Humira is injected sub-cutaneously into the abdomen, and each jab cost me S$1000. I had 4 jabs to start, then 1 every 2 weeks or so. After 3 months it became apparent that the jabs weren't working so well, and I needed something else. So we went back on the age old, easy, effective meds with nasty side effects - steroids, in this case prednisone. I also began taking azathioprine, a powerful immunosuppressant. I also take budesonide, a steroid aimed at the terminal ileum where my disease was active prior to surgery. All 3 meds lower my immunity which is supposed to help the Crohn's. All 3 meds have side effects. My eyesight became blurry, so I just got new glasses... I might just be getting older! I am highly photosensitive, and wear sunglasses at home a lot as I struggle with migraines, I am sometimes so hungry I could eat a cow, other times, I feel nausea. Due to the steroids I have bloated up, and people think I am pregnant, and I feel kinda hideous. I am emotionally a bit of a wreck as I cry so easily and am irritable, and though I want to be with people I find them so draining. And tiring. And some days I want to bark at everyone, and bite off somebody's head!! Grrr. :)

I'm tapering off steroids now. My tummy isn't going to do too well... I can tell. But I'll make adjustments and see how it goes. I can't live with these side effects. I know my bones are deteriorating too. Steroids eat them up. I can feel pain in certain bones. I have recurrent infections too, and I'm on and off antibiotics for something or the other. But nothing so seriously debilitating that I cannot function. And so I remain grateful in some way that while I am unwell I am not so unwell... it's all kind of relative right now. Which may not be the best way to deal with life, but hey... when I had surgery I was thankful they only removed 40 cm of my small intestine, and not the whole thing... so relative is as relative does... or some such thing! Life's a box of chocolates, you never know what you 're gonna get! Oooh. that thought makes me hungry! :) (and I do know what I'm gonna get... there's a Kit Kat stashed away somewhere! hahahah!)

One good thing that came out of all this illness was my husband's rethinking his work life, and taking a 6 month sabbatical of sorts from work. He had always wanted to take time off from legal practice, but it was difficult to do that. I think with both our son and I being unwell he truly felt the need to be there for us more fully. It's been simply amazing having his presence, and watching him do things he has always wanted to do. It's been a great help to me, and to the kids to have him with us. I know our lives have been so enriched and we are going to miss him when he goes back to work next year.

One major project this year was moving house. We moved into what I call my pre-final resting place. I am never moving again. They say moving house is as stressful as a death in the family. They, whoever they are, might just be right! I am so exhausted though deliciously so. It's a lovely place, and I am grateful to my husband for his loving thoughtfulness in the many things he arranged for me and the kids. I am blessed to have him in my life.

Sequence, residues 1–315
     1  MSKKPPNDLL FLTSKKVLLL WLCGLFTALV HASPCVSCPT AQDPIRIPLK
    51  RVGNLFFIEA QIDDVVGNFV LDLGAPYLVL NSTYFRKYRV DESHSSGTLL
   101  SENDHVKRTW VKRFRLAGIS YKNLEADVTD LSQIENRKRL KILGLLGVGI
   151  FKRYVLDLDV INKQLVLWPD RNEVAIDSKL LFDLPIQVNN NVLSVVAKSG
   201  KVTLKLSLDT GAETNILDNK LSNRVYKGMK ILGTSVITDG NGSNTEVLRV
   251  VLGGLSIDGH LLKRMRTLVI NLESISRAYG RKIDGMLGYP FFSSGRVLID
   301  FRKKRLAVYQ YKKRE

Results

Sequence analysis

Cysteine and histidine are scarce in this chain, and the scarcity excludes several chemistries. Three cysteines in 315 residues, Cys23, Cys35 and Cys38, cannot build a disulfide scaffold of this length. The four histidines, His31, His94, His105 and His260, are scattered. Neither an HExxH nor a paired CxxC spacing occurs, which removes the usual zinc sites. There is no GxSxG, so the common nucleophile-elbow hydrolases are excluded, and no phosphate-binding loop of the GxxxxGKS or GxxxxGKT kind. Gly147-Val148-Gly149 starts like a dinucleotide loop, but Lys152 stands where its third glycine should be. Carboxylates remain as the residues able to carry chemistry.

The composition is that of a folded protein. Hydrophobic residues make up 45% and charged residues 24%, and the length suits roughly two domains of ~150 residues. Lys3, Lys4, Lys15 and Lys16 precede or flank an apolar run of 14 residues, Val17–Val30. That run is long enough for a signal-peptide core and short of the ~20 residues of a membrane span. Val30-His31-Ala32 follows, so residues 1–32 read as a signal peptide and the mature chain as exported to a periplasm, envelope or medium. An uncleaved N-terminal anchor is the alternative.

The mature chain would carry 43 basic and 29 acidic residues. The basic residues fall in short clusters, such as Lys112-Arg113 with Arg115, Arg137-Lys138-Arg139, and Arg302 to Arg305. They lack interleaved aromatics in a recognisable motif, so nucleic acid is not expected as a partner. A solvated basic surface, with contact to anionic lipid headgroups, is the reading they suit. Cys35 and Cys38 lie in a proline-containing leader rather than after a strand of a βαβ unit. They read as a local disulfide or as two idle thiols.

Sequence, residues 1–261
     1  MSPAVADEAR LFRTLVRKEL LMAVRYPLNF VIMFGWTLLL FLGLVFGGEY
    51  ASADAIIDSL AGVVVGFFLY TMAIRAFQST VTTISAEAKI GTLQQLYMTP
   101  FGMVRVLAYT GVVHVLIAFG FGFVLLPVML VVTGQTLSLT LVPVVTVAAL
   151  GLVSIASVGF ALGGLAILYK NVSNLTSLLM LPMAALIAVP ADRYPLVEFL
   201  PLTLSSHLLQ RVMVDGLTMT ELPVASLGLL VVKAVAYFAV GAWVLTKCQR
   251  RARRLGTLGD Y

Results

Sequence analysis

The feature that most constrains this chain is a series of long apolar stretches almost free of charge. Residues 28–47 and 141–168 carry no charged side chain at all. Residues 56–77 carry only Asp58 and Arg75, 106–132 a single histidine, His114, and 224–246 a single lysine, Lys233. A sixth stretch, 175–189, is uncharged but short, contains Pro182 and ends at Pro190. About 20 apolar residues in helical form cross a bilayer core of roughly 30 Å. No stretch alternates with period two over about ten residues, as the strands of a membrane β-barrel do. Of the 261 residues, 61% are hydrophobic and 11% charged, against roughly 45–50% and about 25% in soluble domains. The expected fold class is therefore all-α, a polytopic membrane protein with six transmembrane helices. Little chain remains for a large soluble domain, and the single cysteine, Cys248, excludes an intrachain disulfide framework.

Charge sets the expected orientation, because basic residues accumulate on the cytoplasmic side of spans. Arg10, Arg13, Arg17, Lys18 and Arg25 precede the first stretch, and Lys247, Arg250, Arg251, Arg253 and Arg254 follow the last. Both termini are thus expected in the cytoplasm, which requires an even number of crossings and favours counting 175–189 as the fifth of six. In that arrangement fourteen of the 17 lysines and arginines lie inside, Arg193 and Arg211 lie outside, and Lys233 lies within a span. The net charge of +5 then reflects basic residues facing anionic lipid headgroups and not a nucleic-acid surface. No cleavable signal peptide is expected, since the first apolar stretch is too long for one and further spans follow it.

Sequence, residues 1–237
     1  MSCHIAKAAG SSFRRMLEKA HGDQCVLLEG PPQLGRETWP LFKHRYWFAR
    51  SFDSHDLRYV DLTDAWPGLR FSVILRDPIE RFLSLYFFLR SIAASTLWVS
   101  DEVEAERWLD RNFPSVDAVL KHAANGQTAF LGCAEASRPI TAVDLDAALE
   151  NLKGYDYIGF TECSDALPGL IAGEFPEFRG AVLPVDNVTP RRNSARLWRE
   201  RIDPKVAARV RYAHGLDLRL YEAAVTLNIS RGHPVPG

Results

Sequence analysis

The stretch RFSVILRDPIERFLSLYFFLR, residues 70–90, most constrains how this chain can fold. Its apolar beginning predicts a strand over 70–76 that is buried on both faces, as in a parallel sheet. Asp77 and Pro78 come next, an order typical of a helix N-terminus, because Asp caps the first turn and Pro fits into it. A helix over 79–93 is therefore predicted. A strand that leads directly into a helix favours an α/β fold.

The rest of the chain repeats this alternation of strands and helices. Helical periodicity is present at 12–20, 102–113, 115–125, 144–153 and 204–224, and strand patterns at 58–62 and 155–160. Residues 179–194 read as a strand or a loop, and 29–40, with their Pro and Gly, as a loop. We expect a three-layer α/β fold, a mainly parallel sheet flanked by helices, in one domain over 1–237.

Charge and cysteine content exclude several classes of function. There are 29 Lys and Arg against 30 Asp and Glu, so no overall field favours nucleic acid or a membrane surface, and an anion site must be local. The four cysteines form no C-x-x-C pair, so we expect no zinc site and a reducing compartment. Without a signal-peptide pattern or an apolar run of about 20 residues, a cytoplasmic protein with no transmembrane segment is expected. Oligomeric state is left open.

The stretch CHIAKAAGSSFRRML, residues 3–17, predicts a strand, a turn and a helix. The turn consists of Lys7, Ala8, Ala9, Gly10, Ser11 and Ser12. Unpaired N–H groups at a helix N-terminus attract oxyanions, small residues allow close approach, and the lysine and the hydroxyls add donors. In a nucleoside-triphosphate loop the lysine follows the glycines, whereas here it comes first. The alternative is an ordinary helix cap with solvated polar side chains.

The end of the year looms. We will ease into 2012 with my eldest son's O levels being the next big thing. In between will be all the small things that make up life. I hope to enjoy each one of them to the best of my ability. I hope to rise above the challenges I face every day with my guts and meds. I hope to be the best I can be in every thing I do. I'm going to try my best and hope for the best and live with whatever happens thereafter. And somehow I hope to cherish and love myself through my many failings.

The year flew by, December's descended upon us so soon. Some sad things happened, some good things happened. I thank God for all that happens in my life. If I believe, truly believe that He is in my life, then I must thank Him for both the good and the bad. That's the way I make sense of what is happening in my life. It keeps me sane. And yes, being sane is helpful. Generally. Usually. Largely :) I do thank Him for everything. I remain grateful. I am blessed.

Thanks for reading!


Saturday, February 5, 2011

Contemplating Choice

Just last night I was making light of the choices I had open to me... alone, with half the family away and the other half asleep, I thought I might watch a movie on my laptop in bed. Snuggle down, have a nice hot drink and watch something. I like moments like these when the choices are so simple. A funny, silly movie or a weepy, dramatic one? The choice was entirely mine! No need to worry about what anybody else wanted, or what was suitable for everyone. Just me alone in charge of that block of time, free to decide as I wished.

I wish that I had that same freedom of choice in all other areas of my life, but I don't. I can accept many of the situations in my life where my choices are curbed, but the hardest time I have accepting my choices, or the lack of them, is in living with chronic illness. It's just so hard to be up against a rock and a hard place, but that's how I feel.

I've been losing a lot of weight, and in all likelihood am having some sort of poor absorption over the past few months, especially without my gall bladder post surgery. I have endless waves of nausea, acid reflux, and diarrhoea and I am so tired that leaving home sounds exhausting. The doctor doesn't know exactly what's wrong, and I may be having scopes soon. Oh, boo. In addition, I got some kind of flu like thing with phlegmy cough, and so I began a combined dose of 2 powerful antibiotics commonly used for patients with Crohn's Disease... the evil Cipro and the nasty Flagyl.